Paris, France, has long been heralded as one of the world’s most enchanting cities and a wellspring of creativity, innovation, and romance. But there’s always room for improvement, and the 2024 Olympics are the perfect opportunity. For the first time in 100 years, the City of Light will host the Games, and it’s getting a glow up to prepare.  

The 2024 Games, scheduled to take place from July 26 to August 11, 2024, will include 32 sports and 329 events, including, for the first time, breaking (break dancing). Several cities in Metropolitan France and one in Tahiti, an island within French Polynesia, will host events at numerous iconic venues, with Paris at the epicenter, according to the official website. More than 10,000 Olympians and 4,400 Paralympians will compete.

Photo Philippe Millereau / KMSP / Paris 2024

Per Reuters, three months ahead of the event, the Olympic torch will be lit on April 16 in Olympia, Greece, the Games’ birthplace. After a handover ceremony in Athens, it will depart for Marseille on board a three-masted ship, the “Belem” — a break from tradition, wherein the torch is flown by plane to the host city. From here, the torch will make its way to Paris, where organizers are reportedly planning to house it on the Eiffel Tower.


The city’s most iconic monument will also be the site of the Games’ beach volleyball events, while other famous locations like Esplanade des Invalides and Place de la Concorde will host archery and breaking, respectively. And the opening ceremony will take place along the River Seine in a first-of-its-kind, open-air event.

“We’re gonna rock the boat,” Team USA track and field athlete Noah Lyles told NBC News, referring to the 160 boats that will carry athletes along the water, adding: “Gonna have the biggest party.”

Paris 2024

The Games’ slogan, “Games wide open,” embodies a concept of “live together, play together,” chosen by officials. Along with thematic elements representing French culture and harkening to the Art Deco days in which the city last hosted, officials have pledged to make the 2024 event accessible, inclusive, and impactful for athletes, attendees, and Parisians at large, per the website.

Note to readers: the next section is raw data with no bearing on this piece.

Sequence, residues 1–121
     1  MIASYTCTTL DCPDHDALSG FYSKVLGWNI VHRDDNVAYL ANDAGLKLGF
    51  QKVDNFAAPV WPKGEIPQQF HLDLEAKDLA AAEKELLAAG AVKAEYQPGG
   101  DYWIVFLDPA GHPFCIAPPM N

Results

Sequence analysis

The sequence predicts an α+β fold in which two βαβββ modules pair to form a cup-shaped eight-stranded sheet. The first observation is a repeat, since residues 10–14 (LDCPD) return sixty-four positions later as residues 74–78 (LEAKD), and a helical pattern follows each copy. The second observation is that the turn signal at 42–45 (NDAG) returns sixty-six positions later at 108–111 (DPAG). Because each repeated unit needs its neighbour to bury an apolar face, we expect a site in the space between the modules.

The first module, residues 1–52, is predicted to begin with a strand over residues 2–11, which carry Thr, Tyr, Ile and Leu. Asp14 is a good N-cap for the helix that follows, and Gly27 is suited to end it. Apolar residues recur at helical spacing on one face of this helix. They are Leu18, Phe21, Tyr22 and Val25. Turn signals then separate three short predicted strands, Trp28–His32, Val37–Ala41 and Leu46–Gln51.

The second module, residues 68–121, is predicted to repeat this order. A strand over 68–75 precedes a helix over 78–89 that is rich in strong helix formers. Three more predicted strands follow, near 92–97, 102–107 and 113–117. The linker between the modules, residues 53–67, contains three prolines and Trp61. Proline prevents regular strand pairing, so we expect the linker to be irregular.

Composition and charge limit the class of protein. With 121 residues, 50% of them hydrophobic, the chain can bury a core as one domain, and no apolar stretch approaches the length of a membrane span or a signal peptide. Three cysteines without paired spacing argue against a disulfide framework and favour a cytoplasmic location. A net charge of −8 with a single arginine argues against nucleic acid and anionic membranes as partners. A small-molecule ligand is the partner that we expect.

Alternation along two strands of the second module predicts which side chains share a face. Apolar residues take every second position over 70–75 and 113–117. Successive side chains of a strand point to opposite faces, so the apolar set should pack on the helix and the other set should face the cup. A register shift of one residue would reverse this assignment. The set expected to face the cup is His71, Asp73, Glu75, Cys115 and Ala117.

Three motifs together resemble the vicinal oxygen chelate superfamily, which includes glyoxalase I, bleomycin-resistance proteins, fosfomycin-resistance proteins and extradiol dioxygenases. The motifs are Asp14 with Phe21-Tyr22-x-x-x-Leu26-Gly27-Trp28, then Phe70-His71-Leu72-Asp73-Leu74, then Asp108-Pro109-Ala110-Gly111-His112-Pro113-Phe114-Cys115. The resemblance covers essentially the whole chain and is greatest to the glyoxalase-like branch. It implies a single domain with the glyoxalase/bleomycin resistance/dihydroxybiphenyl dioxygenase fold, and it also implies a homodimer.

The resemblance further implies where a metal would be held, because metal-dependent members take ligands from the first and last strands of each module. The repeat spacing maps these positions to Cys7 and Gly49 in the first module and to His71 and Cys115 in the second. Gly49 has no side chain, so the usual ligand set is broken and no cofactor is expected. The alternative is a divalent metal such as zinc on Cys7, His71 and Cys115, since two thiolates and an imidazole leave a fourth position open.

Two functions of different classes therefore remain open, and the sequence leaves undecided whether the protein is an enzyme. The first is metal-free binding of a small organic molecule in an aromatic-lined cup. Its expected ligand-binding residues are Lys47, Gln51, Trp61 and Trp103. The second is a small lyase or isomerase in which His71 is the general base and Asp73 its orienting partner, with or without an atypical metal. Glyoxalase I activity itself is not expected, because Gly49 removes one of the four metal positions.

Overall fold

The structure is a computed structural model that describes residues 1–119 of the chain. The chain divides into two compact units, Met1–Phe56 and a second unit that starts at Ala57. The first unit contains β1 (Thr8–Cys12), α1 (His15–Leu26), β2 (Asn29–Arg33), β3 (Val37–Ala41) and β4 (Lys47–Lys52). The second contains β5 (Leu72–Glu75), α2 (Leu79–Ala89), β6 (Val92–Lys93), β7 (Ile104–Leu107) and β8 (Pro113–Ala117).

Here’s a look at some of the ways the city is going about it. 


Road and Transit Improvements 

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Anne Hidalgo, the mayor of Paris, is probably best known for her commitment to an “ecological transformation” of the city, according to The Guardian. This includes ensuring every road in the city is cyclable by 2024 and increasing space for pedestrians while expanding and modernizing public transport options, per the publication and the official Paris 2024 website. Moreover, officials aim to create a “tranquil zone” in the city’s historic core through a total car ban by early 2024, according to The Verge. While these and other endeavors are aimed at benefiting residents long-term, the Games have accelerated efforts.

Additionally, one of Europe’s busiest transportation hubs, Paris’ Gare du Nord, is being renovated and its routes redesigned to improve fluidity and the overall travel experience, per Actu Paris and Travel Tomorrow. Improvements include new seating and information screens, an “eco-bus station,” a bicycle hall with 1,200 secure spaces, and public green spaces. Only buses, bikes, and pedestrians will be permitted in front of the station to reduce traffic.

“With its cultural and sports facilities, its co-working spaces, its shops and its green spaces, Paris Gare du Nord station will become a shared space with a bustling, lively community,” said Hidalgo, per Travel Tomorrow.  


Improvements are also being made to heighten accessibility in sporting facilities and cultural edifices, as well as the city’s public transport.